Pre-nups could become legally binding
Pre-nuptial agreements could become legally binding, following a legal review by the Law Commission.
The UK’s legal system has previously resisted allowing these "marriage contracts" to become legally binding. Currently, the courts can only use these contracts as guidance for divorcing couples.
Popular in the United States and amongst the super-rich, a pre-nuptial agreement is a contract entered into between two people before marriage, and includes provisions for the division of assets should they ever get divorced.
The Law Commission, appointed by parliament to review British laws, is currently reviewing a raft of legislation, including the intestacy laws - when people die without leaving a will - as well as pre-nups.
Sir Terence Etherton, a high court judge and the Law Commission's chairman, said: “There is a recognition that the division of assets is an issue of considerable social importance, and there is wide dissatisfaction with the current law. But we recognise that the issue is increasingly politicised and controversial.”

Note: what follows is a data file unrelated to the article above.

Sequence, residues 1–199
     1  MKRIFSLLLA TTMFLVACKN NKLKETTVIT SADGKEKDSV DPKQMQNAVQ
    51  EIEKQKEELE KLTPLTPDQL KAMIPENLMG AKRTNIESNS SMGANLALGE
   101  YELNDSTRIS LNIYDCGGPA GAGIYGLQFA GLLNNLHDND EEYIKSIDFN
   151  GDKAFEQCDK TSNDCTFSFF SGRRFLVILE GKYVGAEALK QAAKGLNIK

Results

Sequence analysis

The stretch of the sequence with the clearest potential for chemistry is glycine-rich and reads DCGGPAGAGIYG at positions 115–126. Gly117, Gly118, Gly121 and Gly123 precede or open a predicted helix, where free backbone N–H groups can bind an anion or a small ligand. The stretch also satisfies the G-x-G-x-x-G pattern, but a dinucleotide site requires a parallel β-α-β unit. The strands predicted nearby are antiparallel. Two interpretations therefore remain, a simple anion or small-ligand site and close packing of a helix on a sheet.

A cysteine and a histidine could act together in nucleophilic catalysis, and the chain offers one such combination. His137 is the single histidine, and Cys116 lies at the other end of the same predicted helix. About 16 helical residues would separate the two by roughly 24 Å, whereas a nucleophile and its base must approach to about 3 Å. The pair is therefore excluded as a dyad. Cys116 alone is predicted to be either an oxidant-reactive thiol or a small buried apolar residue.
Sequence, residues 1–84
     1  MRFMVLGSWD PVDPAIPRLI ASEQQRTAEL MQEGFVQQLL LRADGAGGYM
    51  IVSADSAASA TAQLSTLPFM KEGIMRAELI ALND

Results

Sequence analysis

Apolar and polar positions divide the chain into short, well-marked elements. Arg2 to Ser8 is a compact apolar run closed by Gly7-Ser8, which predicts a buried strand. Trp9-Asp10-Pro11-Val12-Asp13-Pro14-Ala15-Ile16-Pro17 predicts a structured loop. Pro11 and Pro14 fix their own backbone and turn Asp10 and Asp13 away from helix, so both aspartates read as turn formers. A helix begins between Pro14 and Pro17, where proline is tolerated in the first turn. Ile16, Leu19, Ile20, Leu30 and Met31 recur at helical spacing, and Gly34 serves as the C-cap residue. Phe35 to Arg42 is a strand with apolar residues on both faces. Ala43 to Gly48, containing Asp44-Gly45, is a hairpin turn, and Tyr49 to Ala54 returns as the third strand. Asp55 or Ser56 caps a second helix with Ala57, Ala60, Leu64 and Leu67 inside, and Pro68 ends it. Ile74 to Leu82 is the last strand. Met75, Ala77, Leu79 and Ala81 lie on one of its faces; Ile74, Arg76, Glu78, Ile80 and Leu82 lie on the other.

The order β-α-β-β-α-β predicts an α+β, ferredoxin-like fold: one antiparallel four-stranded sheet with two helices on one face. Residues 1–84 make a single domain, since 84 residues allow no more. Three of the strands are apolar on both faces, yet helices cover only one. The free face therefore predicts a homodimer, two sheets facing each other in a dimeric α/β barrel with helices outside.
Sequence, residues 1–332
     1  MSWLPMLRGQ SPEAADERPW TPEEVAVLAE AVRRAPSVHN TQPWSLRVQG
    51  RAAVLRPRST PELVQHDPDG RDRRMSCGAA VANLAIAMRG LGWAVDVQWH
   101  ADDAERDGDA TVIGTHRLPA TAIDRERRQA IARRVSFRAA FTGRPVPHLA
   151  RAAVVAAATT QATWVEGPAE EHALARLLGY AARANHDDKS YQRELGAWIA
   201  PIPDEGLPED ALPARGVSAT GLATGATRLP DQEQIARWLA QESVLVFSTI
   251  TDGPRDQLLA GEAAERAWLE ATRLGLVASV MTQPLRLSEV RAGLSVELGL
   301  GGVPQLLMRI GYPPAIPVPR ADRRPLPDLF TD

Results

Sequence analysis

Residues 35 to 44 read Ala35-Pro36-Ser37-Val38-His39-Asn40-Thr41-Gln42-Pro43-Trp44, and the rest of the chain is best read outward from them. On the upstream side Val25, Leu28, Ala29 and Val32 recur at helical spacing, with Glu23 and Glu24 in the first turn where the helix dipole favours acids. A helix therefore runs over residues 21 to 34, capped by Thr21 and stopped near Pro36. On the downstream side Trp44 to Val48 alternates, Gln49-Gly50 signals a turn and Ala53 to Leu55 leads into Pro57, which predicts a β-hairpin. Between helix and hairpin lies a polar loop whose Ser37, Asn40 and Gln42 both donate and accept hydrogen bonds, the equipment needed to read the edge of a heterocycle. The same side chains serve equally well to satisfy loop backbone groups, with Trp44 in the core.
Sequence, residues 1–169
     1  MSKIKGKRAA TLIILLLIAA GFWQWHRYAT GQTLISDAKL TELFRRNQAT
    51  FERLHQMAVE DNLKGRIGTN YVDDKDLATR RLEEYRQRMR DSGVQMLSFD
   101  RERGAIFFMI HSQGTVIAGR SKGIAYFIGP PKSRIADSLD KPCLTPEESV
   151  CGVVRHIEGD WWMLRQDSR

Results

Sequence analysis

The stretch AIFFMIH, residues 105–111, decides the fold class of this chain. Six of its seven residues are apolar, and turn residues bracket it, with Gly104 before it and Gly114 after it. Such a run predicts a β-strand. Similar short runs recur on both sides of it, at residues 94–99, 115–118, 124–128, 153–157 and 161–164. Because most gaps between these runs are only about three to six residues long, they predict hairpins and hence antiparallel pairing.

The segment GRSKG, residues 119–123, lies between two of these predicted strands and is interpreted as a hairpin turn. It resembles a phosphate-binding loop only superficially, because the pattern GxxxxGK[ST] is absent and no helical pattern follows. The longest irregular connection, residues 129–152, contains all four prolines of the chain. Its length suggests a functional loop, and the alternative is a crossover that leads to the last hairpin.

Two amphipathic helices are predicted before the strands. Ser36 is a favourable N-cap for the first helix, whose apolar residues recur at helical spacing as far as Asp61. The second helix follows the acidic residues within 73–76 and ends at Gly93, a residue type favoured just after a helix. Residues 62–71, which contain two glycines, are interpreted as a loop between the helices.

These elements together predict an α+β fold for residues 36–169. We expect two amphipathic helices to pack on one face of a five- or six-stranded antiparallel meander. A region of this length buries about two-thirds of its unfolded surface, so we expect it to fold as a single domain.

The Law Commission says that if pre-nups are to become legally binding then this will also apply retrospectively.
According to a recent survey by accountants Grant Thornton, the proportion of lawyers who believe pre-nuptial agreements should be legally binding has risen from 37% to 56%.
Julia Whittle at Punter Southall Financial Management, says legally binding pre-nuptial agreements would be beneficial in certain cases. “If you were entering into a second marriage with a lot of assets for example, or have children that you want those assets to go to, pre-nuptial agreements can be very useful,” she says..
However, Whittle warns that these agreements are complicated to draw up and have the potential to make a divorce settlement more expensive. “If you are considering drawing one up, make sure it is used to protect both parties – particularly if you are unlikely to be the higher earner.”
The Law Commission hopes to produce a draft Parliamentary Bill on pre-nuptial agreements by 2012, and will also consider whether agreements made after marriage should be enforced in the courts.